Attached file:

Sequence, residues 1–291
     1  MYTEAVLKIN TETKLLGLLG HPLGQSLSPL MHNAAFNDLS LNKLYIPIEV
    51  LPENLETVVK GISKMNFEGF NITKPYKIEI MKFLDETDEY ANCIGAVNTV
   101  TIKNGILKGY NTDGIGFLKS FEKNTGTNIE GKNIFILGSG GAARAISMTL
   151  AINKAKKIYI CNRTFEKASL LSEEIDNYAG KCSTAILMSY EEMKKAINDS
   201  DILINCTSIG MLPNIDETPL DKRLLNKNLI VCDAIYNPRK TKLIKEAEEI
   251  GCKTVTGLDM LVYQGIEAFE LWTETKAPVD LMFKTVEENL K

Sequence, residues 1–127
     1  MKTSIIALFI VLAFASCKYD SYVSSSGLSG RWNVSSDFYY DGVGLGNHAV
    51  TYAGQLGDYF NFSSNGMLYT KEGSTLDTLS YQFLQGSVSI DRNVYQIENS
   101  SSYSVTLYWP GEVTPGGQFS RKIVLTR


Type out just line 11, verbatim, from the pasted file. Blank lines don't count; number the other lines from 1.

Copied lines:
   101  SSYSVTLYWP GEVTPGGQFS RKIVLTR